ArcelorMittal signs letter of intent with the governments of Belgium and Flanders, supporting €1.1 billion investment in decarbonisation technologies at its flagship Gent plant.
ArcelorMittal Belgium will reduce CO2 emissions by 3.9 million tonnes per year by 2030, by building a 2.5 million-tonne direct reduced iron (DRI) plant and two electric furnaces at its Gent site, to operate alongside its state-of-the-art blast furnace that is ready to take waste wood and plastics as a substitute for fossil carbon.
A DRI plant uses natural gas, and potentially hydrogen, instead of coal to reduce iron ore, resulting in a large reduction in CO2 emissions compared with blast furnace ironmaking. The two electric furnaces will melt the DRI and scrap steel, which will then be transformed in the steel shop into steel slabs and then further processed into finished products.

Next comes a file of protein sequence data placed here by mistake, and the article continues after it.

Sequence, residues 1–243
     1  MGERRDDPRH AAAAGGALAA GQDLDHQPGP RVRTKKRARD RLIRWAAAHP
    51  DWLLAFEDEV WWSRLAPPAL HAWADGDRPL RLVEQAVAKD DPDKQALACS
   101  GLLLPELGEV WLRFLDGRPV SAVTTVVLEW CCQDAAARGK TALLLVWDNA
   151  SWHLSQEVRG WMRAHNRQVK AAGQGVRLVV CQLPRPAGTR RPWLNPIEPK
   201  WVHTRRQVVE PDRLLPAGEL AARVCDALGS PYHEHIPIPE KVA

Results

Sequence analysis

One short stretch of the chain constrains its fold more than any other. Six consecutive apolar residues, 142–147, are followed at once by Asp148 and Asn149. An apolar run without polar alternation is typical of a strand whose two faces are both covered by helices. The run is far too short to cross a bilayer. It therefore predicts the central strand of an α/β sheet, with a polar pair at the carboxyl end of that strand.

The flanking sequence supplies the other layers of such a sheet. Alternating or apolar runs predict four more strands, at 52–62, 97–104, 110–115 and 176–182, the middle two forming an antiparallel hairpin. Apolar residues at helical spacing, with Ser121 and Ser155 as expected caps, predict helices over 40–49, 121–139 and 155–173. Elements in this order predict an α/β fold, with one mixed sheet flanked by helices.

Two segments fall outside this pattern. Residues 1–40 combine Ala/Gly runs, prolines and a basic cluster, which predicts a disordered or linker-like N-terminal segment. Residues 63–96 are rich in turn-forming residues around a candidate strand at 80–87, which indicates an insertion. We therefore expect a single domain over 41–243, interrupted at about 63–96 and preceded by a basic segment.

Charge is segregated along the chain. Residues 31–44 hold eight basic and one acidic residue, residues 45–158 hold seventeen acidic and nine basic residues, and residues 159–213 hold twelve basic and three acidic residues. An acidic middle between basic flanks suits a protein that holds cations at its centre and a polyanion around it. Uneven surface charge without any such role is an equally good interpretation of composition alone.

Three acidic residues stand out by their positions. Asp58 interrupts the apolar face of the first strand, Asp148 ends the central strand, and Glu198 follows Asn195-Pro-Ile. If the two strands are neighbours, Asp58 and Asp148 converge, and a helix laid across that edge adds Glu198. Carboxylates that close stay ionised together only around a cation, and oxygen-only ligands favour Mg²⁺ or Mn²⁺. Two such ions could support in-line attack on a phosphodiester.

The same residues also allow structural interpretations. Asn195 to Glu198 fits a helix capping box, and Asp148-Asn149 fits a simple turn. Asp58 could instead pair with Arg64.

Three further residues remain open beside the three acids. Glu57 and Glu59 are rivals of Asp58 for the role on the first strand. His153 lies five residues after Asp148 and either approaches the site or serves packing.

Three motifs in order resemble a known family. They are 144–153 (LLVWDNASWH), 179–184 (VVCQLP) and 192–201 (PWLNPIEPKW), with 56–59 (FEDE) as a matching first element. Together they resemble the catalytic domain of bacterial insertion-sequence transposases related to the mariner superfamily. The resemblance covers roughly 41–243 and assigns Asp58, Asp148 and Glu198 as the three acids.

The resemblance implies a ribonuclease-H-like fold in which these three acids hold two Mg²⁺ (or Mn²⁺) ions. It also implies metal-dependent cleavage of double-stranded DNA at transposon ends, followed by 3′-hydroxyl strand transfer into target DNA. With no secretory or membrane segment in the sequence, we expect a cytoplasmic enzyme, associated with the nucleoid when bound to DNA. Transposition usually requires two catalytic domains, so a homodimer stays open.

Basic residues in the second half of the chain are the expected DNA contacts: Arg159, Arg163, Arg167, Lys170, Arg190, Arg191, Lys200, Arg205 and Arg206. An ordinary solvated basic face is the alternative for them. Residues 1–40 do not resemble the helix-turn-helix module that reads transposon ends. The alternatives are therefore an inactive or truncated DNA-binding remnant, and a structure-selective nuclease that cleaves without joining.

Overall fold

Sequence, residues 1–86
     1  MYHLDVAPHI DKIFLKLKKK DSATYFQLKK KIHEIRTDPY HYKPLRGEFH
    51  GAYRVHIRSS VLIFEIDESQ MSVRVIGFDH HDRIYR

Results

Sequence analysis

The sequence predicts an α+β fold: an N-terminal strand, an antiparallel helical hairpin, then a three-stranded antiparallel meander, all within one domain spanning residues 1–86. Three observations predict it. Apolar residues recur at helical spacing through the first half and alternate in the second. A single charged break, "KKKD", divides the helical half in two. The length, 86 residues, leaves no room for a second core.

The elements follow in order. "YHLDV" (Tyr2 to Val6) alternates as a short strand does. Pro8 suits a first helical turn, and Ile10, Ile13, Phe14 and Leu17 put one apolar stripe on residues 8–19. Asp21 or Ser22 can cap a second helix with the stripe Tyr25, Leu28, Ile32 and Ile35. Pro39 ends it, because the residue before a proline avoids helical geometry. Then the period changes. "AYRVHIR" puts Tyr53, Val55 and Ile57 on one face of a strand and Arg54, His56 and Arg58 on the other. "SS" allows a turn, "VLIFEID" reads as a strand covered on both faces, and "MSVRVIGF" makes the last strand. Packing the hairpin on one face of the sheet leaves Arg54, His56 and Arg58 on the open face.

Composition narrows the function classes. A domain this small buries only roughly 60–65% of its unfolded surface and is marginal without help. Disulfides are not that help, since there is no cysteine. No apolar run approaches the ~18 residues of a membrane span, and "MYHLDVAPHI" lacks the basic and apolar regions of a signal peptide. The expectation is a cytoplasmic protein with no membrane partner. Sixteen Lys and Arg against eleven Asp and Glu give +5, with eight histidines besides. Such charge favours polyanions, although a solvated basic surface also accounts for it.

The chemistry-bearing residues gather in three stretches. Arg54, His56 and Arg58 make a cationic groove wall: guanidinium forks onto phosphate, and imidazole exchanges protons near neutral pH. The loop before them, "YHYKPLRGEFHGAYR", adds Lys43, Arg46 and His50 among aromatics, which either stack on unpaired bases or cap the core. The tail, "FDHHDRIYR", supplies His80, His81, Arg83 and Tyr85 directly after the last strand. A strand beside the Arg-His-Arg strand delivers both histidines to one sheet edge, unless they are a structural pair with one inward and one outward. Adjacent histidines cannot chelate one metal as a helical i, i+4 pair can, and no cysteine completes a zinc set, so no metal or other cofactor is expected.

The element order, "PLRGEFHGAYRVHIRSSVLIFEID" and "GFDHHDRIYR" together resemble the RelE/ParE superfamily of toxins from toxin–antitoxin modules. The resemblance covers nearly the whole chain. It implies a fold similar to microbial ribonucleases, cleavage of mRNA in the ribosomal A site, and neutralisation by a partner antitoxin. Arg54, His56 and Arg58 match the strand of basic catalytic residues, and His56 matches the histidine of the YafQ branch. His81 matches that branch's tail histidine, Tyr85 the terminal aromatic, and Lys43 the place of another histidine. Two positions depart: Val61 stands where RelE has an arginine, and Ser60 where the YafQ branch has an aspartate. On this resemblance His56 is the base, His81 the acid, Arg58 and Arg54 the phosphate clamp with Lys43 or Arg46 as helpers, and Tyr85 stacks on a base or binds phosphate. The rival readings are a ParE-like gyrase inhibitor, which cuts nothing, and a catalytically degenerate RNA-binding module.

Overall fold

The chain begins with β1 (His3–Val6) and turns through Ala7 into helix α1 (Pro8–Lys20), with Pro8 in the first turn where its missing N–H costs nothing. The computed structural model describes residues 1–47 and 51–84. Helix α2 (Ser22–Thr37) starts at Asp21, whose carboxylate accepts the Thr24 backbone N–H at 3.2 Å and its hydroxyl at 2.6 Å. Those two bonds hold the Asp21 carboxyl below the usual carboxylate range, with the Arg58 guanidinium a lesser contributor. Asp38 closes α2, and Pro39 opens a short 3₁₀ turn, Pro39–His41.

Once the DRI and electric furnaces are built, there will be a transition period during which production will move gradually from blast furnace A, to the DRI and electric furnaces, after which blast furnace A will be closed as it reaches the end of its life. By 2030, this will result in a reduction of around three million tonnes of CO2 emissions each year.
The support of both the national and the Flanders governments in this project is crucial given the significant cost associated with the transition to carbon-neutral steelmaking.
Approval from the European Commission for the funding support will also be required.
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